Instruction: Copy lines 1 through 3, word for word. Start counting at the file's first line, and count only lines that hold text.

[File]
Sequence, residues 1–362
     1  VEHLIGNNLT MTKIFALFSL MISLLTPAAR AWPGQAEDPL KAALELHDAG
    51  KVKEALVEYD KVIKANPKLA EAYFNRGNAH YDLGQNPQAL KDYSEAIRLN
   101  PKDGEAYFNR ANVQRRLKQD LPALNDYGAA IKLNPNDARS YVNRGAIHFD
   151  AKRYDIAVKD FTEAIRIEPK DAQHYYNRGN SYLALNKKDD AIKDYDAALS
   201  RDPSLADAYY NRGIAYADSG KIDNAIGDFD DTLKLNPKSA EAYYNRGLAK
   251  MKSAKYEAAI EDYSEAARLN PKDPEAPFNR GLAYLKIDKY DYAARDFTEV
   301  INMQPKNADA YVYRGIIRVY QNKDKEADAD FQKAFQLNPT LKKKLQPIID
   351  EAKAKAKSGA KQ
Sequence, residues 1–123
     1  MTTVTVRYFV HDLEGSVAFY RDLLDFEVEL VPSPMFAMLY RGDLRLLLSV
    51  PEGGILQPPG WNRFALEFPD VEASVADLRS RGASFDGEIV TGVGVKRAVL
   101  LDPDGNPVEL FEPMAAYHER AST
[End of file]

Sequence, residues 1–362
     1  VEHLIGNNLT MTKIFALFSL MISLLTPAAR AWPGQAEDPL KAALELHDAG
    51  KVKEALVEYD KVIKANPKLA EAYFNRGNAH YDLGQNPQAL KDYSEAIRLN